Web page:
However, a week or two ago I had an opportunity of renewing acquaintance and flew the machine for about three hours in good weather conditions. This, too, was the first of the production models, in which one or two minor improvements had been incorporated. Gradually, during the three hours, I gained more confidence, not only in the machine, but in the power unit which, as a converted car engine, might otherwise cause the prospective owner some slight misgivings. The Chilton-Ford engine continued to perform with monotonous smoothness and regularity, and, furthermore, I found, on a trip down the South Coast and back again along the line between Lympne and Tonbridge, that the Chilton's cruising speed really is 100 m.p.h.. as nearly as makes no matter.
In the course of this cross-country flying the machine was not by any means kept on a steady course or at constant altitude, yet the inclusive average over the out and home run was in the region of 88 m.p.h. On the only soberly flown section of the route I timed the machine over a distance of ten miles; the wind was almost across my track and the distance was covered in a little over six minutes - a time which gives a speed figure of about 95 m.p.h. This was at an engine speed of 3,400 r.p.m., which, with the particular airscrew in use, seemed to feel about right. Actually, the unit, at least according to the Ford people, is perfectly safe up to about 7,000 r.p.m.; not only, therefore, is there little danger of over-revving on a dive, but this high limit also permits variations in cruising engine speed to suit the slight differences in airscrew design which so often appear in the small sizes. At 3,400 r.p.m. the throttle was approximately half open, though without a manifold pressure gauge it is not possible to calculate the amount of power which is being taken out of a unit.
For those who still consider that this engine speed is somewhat high for reliability, it is worth remarking that it is merely equivalent to the normal top-gear cruising speed of the Ford Ten car Since the modified Chilton engine has a special cylinder head and a special forged crankshaft, with, of course, an airscrew thrust race, there is every reason to suppose that the unit should be adequately reliable and hard-wearing judged by aircraft standards. Practical tests with the engine have, in fact, included 100 hours at 4.000 r.p.m (full throttle), and examples fitted to Drones have done up to 250 hours without requiring anything more than routine adjustment. Naturally enough, it is possible for the radiator water to reach an unnervingly, but nevertheless perfectly safe, high temperature if the engine is badly overdriven. The Chilton has a temperature gauge on the dashboard, and in normal cruising flight in mid-summer this temperature did not exceed 95 deg. C. - which is just about right for efficiency. I have concentrated rather on the engine side of the business because this, I feel, is one which may be doubted first of all by the prospective owner, however much he may like the Chilton as a flying machine pure and simple.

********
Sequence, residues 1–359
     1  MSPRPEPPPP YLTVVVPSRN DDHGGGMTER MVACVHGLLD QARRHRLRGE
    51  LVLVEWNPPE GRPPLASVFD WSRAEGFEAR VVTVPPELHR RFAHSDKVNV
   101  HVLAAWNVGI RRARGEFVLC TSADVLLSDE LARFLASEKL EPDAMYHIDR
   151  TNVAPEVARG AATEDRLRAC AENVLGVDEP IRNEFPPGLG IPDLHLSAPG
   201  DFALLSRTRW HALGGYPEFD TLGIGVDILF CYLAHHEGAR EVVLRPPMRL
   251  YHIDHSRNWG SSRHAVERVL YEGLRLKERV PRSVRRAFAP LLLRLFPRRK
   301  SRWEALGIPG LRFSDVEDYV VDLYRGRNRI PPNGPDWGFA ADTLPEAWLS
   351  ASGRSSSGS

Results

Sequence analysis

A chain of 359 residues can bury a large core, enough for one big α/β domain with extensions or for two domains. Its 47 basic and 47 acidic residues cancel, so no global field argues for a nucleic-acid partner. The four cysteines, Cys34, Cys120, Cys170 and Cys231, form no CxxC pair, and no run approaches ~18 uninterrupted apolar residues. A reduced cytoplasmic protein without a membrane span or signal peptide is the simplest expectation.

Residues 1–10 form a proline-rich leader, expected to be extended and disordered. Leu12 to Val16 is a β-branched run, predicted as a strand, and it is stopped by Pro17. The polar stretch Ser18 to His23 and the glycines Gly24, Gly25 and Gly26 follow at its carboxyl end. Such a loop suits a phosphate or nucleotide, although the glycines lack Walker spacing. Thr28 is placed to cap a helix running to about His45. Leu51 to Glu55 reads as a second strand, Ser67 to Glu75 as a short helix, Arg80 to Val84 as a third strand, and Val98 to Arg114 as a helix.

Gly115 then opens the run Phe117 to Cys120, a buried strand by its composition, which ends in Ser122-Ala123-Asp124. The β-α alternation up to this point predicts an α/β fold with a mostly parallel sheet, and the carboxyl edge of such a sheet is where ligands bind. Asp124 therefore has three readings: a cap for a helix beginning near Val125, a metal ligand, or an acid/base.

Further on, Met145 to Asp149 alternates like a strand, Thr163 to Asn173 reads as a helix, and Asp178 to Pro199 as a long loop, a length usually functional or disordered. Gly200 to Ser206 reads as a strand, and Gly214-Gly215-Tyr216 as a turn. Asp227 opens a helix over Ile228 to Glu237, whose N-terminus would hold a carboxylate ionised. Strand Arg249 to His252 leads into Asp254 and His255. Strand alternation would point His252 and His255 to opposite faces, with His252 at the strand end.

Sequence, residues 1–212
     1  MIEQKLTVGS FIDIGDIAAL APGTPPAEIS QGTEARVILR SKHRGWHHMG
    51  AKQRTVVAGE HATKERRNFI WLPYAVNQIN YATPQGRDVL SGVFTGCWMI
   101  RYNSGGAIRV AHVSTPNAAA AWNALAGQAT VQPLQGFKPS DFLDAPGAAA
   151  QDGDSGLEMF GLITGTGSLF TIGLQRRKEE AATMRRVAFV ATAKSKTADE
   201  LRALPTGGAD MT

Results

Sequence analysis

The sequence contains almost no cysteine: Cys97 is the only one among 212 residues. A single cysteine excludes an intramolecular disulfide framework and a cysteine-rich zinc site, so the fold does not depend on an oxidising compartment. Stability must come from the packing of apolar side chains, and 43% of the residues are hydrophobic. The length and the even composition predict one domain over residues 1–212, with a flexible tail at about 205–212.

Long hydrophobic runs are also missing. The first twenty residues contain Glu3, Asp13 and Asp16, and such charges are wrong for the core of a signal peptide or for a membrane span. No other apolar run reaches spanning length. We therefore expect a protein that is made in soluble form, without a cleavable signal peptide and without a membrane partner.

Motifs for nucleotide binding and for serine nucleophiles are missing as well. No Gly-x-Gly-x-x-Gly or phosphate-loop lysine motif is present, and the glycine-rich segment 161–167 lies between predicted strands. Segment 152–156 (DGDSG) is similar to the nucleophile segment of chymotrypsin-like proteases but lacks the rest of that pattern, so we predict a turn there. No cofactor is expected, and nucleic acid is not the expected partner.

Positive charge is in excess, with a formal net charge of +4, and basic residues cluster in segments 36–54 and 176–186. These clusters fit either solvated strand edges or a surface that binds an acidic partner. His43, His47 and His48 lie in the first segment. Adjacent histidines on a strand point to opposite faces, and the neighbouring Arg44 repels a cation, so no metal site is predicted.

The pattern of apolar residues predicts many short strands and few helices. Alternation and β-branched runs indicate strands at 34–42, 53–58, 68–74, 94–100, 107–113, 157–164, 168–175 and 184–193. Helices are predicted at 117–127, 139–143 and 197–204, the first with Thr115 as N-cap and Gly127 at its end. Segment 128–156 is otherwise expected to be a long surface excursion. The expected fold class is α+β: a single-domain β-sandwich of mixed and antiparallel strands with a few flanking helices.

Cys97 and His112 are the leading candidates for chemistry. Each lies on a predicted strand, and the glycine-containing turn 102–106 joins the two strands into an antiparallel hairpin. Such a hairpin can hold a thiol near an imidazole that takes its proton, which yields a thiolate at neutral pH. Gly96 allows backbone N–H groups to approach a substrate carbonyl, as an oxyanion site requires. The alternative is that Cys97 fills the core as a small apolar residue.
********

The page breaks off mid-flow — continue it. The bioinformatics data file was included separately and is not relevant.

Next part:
Except for what is perhaps, an over-light rudder, it is impossible to make any complaints about the adequacy of the Chilton’s controls at any speed from 40 to 140 m.p.h. At the stall, with flaps up, the machine tends to drop its nose a trifle while one wing falls away very gently, and in these circumstances the rudder becomes the master control, the merest touch keeping the machine level at an indicated speed of less than 40 m.p.h. With the flaps down the actual stalling speed is lower and the machine appears to remain quite stable and under full control with the stick held right back. The Chilton flies and turns perfectly on ailerons alone.